All three broadcast network evening newscasts led Friday night by celebrating Al Gore's receipt of the Nobel Peace Prize, portraying it as “sweet vindication” for him while presuming his global warming views are beyond dispute and speculating about the “tantalizing prospect” of a presidential run. ABC anchor Charles Gibson teased: “Tonight, the man who almost won the White House did win the most-coveted award on the planet. So might Al Gore go back to politics?” Reporter David Wright trumpeted Gore's efforts “to call the world's attention to a problem that many would have preferred to ignore,” but Wright fretted that not all are aboard the Gore adulation bandwagon: “Even the Nobel Prize is not going to be enough to silence the naysayers, some of whom still believe that man is not responsible for global warming...”
CBS's Katie Couric wondered: “Will the former Vice President now go after the prize he lost, the biggest prize in American politics?” She touted him as “the first American Vice President to win this most prestigious award since Charles Dawes back in 1926.” Reporter John Blackstone hailed “a remarkable comeback for a man who seven years ago seemed all but finished with public life,” a comeback attributable to how Gore “traveled the world with a slide show talking about the reality of global warming.”
NBC anchor Brian Williams empathized with how “he never was awarded what he tried so hard to get and wanted so badly -- the American presidency -- but today former Vice President Al Gore was awarded the Nobel Peace Prize.” Anne Thompson stressed the “prize has done nothing to stop the speculation about Gore's political future.” She enthused that a presidential bid by Gore is “a tantalizing prospect,” though “few expect” it to happen. Thompson concluded by seeing complete vindication: “Gore's co-winner of the Nobel Peace Prize, the Intergovernmental Panel on Climate Change, left no doubt that man is responsible for global warming. The debate now is over how much the climate will change if nothing is done.”
Whether Gore will run for President is all that animates the press corps, CBS's Blackstone relayed: “When he briefly appeared before that crowd of reporters and cameras today, Gore refused to answer any questions. Of course, the only question reporters really wanted to ask is: 'Will you run for President?'” Setting up a conversation with George Stephanopoulos about Gore's political future, ABC's Gibson echoed: “Reporters were calling out asking whether he now plans to run for President.” Couric followed Blackstone by bringing Bob Schieffer aboard to discuss whether Gore will run. Schieffer and Stephanopoulos doubted it.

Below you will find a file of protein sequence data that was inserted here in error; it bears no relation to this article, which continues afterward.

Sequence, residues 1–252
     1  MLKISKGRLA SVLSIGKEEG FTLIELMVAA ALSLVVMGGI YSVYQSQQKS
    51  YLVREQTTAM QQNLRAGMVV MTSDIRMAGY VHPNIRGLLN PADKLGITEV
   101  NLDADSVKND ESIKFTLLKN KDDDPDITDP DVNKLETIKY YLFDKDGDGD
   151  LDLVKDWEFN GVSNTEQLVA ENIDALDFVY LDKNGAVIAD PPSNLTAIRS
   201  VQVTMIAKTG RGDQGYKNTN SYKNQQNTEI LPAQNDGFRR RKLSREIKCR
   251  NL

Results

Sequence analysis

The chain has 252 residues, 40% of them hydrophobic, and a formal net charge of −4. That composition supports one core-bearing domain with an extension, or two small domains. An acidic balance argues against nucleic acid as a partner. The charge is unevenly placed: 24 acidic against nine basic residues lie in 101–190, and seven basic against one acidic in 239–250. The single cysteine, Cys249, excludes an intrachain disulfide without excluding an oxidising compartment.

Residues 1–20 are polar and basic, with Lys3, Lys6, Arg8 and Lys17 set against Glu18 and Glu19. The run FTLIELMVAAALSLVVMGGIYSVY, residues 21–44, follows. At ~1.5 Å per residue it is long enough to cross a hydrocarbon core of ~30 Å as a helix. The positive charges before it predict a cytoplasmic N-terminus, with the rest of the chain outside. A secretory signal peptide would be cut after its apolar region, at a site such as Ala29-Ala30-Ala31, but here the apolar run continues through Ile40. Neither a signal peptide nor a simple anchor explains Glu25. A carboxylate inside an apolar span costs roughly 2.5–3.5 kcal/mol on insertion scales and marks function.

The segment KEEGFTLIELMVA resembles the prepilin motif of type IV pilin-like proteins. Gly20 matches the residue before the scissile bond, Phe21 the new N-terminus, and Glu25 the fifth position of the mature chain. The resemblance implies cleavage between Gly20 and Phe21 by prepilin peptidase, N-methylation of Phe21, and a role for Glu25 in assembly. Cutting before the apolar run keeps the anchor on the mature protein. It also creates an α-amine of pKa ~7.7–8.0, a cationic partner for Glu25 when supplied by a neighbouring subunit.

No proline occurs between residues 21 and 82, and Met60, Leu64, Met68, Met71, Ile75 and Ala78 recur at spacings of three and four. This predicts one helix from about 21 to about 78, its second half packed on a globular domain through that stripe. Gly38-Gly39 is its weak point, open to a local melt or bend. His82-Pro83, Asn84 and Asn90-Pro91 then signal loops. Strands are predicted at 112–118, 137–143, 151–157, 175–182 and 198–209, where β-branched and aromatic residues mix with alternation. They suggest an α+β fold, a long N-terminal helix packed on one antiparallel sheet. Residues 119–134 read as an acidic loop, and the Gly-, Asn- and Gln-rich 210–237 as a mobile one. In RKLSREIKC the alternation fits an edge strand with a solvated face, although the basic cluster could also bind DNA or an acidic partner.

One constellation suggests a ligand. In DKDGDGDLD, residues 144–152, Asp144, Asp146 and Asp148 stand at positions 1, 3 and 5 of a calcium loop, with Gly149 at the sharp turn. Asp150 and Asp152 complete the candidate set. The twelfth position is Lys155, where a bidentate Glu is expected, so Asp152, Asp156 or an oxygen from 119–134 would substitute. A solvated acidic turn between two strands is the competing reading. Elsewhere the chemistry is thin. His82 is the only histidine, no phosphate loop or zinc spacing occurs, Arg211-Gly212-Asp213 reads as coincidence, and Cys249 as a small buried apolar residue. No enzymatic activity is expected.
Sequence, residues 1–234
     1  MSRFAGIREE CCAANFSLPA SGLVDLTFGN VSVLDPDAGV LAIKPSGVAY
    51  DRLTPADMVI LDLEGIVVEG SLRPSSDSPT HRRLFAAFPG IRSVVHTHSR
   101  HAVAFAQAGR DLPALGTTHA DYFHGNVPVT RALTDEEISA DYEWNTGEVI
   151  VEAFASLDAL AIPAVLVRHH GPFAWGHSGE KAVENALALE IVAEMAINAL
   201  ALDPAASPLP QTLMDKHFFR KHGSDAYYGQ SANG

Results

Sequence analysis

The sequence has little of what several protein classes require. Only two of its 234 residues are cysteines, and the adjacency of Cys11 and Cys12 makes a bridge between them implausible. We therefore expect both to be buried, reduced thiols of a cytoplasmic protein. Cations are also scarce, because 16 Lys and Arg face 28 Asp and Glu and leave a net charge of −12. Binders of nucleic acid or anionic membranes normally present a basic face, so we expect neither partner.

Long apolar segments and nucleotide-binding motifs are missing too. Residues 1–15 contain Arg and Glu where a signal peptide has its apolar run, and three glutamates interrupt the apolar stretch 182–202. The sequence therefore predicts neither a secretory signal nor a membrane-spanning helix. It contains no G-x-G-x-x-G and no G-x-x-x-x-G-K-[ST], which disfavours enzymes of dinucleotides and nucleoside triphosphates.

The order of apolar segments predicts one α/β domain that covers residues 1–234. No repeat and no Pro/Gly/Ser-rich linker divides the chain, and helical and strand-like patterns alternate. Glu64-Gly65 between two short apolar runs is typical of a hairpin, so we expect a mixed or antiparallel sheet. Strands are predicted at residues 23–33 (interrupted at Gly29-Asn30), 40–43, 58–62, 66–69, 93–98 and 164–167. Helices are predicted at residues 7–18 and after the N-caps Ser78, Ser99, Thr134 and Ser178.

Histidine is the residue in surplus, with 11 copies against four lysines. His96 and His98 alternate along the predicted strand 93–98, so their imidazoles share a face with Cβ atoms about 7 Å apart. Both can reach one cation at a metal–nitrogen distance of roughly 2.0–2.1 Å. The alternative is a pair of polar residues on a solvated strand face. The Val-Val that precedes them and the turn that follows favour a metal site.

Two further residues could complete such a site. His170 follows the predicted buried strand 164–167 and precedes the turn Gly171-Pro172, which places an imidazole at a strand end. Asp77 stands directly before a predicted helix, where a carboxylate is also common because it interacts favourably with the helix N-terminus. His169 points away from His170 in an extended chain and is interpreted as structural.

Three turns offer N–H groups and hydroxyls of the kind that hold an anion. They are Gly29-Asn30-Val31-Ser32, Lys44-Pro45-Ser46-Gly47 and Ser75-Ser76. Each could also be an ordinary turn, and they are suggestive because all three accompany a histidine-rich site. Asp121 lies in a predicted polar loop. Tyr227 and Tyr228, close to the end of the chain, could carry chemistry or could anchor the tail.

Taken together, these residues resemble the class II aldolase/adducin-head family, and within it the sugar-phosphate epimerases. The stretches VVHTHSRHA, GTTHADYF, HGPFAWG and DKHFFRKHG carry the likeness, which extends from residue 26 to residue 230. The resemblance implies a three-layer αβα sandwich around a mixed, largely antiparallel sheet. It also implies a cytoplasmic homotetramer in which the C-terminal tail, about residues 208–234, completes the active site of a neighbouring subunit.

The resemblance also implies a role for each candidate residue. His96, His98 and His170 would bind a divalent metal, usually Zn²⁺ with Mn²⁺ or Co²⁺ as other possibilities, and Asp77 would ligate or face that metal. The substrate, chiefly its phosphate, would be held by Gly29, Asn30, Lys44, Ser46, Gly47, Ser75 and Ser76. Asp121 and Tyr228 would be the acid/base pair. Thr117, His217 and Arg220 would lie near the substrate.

For a look at the contrary take on Gore's crusade which the news media prefer to ignore or denigrate, check a Friday posting by the MRC's CNSNews.com, “Gore Deserves Nobel Prize for Propaganda, Warming Skeptics Say,” which includes how a British judge recently identified nine factual errors in Gore's An Inconvenient Truth movie.
My Thursday night NewsBusters posting, “NBC Champions 'Global Force' Gore as Nation's 'Potential Savior,'” recounted how NBC got a jump start in the Gore adoration:
Three months after NBC promoted Al Gore's agenda by broadcasting more than 75 hours of his "Live Earth" concerts, Thursday's NBC Nightly News got the jump on the inevitable media excitement -- if Gore wins the Nobel Peace Prize to be announced Friday -- by championing how that could launch a Gore presidential bid. Anchor Brian Williams cited "rumors today surrounding" Gore about the Nobel and pronounced "that an effort to draft him to run for President just might work."
Reporter David Gregory trumpeted how Gore has supposedly "become both a global force tackling climate change and a celebrated figure now in the running for the Nobel Peace Prize." Gregory highlighted the "Draft Gore" Web site and how "yesterday backers placed a full page ad in the New York Times." Bizarrely suggesting Republicans would vote for Gore, Gregory contended "Gore is seen by some as a potential savior in the '08 race with questions about frontrunner Hillary Clinton's electability and a GOP field leaving many Republicans dissatisfied." So, those who find Rudy Giuliani too liberal would prefer Gore? Gregory next featured Democratic strategist Steve McMahon praising Gore for how he "was right on just about every major issue, whether it was the war, the deficit or now global warming."
The MRC's Brad Wilmouth corrected the closed-captioning against the video to provide transcripts of the October 12 stories fawning over Gore on ABC and CBS, while I handled NBC:
ABC's World News:
CHARLES GIBSON, IN OPENING TEASER: Welcome to World News. Tonight, the man who almost won the White House did win the most-coveted award on the planet. So might Al Gore go back to politics?
GIBSON: Good evening. For a man who came so close to the presidency, it may be the ultimate consolation prize.
OLE DANBOLT MJOS, Nobel Prize Committee: And Albert Arnold Al Gore Jr., for their efforts-